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Tips for Older New Yorkers to Prepare for Hurricane Sandy

Hurricane preparedness: Be ready for Sandy.

AARP Offers Tips for Older New Yorkers to Prepare for Hurricane Sandy

 

Older Adults More Vulnerable During Disasters

NEW YORK, NY – With the prospect of Hurricane Sandy becoming one of the worst storms to hit the New York area, it’s time for New Yorkers, particularly older New Yorkers, to assess their readiness for the storm.  Older adults are particularly vulnerable in an emergency and should take advance action to be as prepared as possible should they be without water, electricity, or need to evacuate their home.

The key to maintaining your health, safety and comfort during a disaster – whether it’s a big or small disaster - is to plan ahead. But how do you know if you’re really prepared for an emergency? Maybe you already have smoke alarms and carbon monoxide detectors at home, along with a first aid kit, fire extinguisher and some flashlights.

Here are some straightforward — and relatively simple — steps to review your emergency preparedness and get ready for Sandy.

  1. Take an inventory of the contents of your home and take photos or videos of the exterior and interior. Keep them in a safe location off the premises.
  2. Talk with your family members and neighbors about how to reconnect, with contact numbers and a place to meet if you must evacuate or flee.
  3. Place copies of vital documents and records (like personal identification, bank statements, wills, prescriptions, Social Security and health insurance cards, and important phone numbers) in a weatherproof container that you can grab as you run out the door. You can use an Emergency Financial First Aid Kit developed by Operation Hope, FEMA and Citizen Corps to help you organize your information.
  4. Buy a battery-operated radio and have flashlights with extra batteries easily accessible. Have other emergency supplies ready – a change of clothing, prescriptions, extra glasses, cash, water, food, blankets, whistle and face mask.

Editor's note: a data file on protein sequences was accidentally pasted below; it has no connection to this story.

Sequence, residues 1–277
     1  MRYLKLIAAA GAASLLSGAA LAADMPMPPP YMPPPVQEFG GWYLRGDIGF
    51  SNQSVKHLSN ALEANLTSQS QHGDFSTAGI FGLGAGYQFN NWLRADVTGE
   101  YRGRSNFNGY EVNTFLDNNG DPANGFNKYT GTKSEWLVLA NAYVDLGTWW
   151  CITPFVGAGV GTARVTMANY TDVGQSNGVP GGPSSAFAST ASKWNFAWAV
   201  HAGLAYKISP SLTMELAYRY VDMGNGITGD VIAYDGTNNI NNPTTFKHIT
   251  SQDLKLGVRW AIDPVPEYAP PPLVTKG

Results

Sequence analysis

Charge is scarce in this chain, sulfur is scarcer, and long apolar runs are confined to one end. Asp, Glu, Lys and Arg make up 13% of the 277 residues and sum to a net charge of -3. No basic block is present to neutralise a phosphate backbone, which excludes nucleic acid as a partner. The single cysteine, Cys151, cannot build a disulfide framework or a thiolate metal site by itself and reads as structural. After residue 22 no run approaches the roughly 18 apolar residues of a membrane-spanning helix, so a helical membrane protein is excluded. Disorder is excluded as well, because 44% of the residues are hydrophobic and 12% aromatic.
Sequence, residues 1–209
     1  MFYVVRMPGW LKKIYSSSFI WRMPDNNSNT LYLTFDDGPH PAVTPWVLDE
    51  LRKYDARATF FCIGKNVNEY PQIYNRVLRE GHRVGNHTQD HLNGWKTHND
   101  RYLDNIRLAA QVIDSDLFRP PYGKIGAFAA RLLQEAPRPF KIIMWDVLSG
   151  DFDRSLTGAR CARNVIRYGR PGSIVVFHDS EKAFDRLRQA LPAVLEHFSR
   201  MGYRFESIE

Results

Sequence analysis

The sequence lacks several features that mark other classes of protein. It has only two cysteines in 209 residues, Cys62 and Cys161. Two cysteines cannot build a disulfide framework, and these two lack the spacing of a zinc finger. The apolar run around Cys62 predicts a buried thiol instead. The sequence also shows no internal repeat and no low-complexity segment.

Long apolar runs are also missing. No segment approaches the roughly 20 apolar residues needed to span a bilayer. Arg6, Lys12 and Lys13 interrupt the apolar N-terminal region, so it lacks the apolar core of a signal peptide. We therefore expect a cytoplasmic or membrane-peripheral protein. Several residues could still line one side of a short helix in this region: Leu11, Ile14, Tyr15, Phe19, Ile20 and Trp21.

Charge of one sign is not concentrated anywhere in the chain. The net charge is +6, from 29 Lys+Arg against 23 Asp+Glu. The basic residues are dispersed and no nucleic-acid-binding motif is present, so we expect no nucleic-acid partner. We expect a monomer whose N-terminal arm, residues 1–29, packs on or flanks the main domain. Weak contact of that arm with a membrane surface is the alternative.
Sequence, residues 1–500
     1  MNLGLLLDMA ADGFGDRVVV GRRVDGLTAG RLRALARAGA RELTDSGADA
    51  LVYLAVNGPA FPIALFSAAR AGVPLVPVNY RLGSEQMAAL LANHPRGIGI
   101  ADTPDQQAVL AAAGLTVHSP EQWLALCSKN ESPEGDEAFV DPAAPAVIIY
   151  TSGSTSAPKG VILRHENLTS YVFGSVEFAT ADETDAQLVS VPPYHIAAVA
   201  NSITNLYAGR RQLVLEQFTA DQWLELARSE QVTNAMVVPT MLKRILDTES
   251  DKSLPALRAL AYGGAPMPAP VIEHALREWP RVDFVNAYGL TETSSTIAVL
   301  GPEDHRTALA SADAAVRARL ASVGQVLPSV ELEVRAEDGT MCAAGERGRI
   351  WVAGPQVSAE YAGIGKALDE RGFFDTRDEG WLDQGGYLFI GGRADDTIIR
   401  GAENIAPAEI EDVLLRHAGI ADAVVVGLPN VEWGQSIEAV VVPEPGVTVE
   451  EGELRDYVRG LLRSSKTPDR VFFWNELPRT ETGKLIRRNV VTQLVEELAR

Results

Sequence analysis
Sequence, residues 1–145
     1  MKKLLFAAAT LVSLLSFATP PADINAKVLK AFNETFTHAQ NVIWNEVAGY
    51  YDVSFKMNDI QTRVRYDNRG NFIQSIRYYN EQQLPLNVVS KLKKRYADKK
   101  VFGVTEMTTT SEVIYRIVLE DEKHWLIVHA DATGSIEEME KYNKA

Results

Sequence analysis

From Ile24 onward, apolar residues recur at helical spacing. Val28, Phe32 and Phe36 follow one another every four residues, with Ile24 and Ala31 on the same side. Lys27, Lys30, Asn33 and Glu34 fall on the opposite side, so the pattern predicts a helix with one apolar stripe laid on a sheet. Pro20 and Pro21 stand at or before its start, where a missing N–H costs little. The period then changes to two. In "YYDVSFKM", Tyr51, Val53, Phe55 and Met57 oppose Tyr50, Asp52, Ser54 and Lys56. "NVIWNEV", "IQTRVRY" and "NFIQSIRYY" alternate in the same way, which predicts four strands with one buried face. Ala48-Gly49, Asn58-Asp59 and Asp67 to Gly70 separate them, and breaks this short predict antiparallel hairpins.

5. Put an emergency checklist near the door to make sure you don’t forget anything.
  6. If you are a caregiver of an older adult – help them prepare and think about medications that may require refrigeration.  Insulin can be kept at room temperature for 30 days.  For medications that must be kept cold, keep ice or frozen cold packs in the freezer and a small ice chest handy.
  7. Be sure you have enough medication on hand and consider putting a pill splitter and any other medical supplies like syringes in your emergency to-go bag.

After you’ve completed the checklist for your home, do some extra good by helping a friend or neighbor prepare for an emergency. A disabled, homebound or infirm person probably can't do all of these things and may be reluctant to ask for help. To learn more about disaster preparedness and for the latest updates on Hurricane Sandy in New York, visit http://www.nyprepare.gov/aware-prepare.

Attached is AARP's Hurricane preparedness guide. 

AARP has over 2.7 million members in New York.

Follow us on Twitter:  @AARPNY and Facebook: AARP New York

AARP is a nonprofit, nonpartisan organization with a membership that helps people 50+ have independence, choice and control in ways that are beneficial and affordable to them and society as a whole.  AARP does not endorse candidates for public office or make contributions to either political campaigns or candidates.  We produce AARP The Magazine, the definitive voice for 50+ Americans and the world's largest-circulation magazine with over 35.1 million readers; AARP Bulletin, the go-to news source for AARP's millions of members and Americans 50+; AARP VIVA, the only bilingual U.S. publication dedicated exclusively to the 50+ Hispanic community; and our website, AARP.org.  AARP Foundation is an affiliated charity that provides security, protection, and empowerment to older persons in need with support from thousands of volunteers, donors, and sponsors.  We have staffed offices in all 50 states, the District of Columbia, Puerto Rico, and the U.S. Virgin Islands.

This post is contributed by a community member. The views expressed in this blog are those of the author and do not necessarily reflect those of Patch Media Corporation. Everyone is welcome to submit a post to Patch. If you'd like to post a blog, go here to get started.

Diane Scott October 29, 2012 at 12:54 AM
My family survived Hurricane Katrina by leaving the city of New Orleans ahead of the storms arrival. People should know the two most signifcant things you can sometimes do to survive one of these storms. First: leave if an evacuation is ordered. And, Second: if there is flooding during the storm and you try to escape the flood water by going into the attic of your home, bring an axe, hatchett or large pry bar. A great number of people who died in Katrina did so because as the waters rose and the winds raged, they sought safety first on an upper floor of their homes,if they had one. Then as it rose further they went in their attics. Many people would have survived, had they brought with them an axe, or large pry bar or anything to open their way onto the roof top before the waters rose into their attics, in which they subsequently drowned with no way out. To the folks on the East Coast I hope you do not find yourselves in such a horrible situation with this storm. Please, be safe.
Vincent November 09, 2012 at 11:32 AM
LOL. What is this article still doing on the Mineola Patch website?

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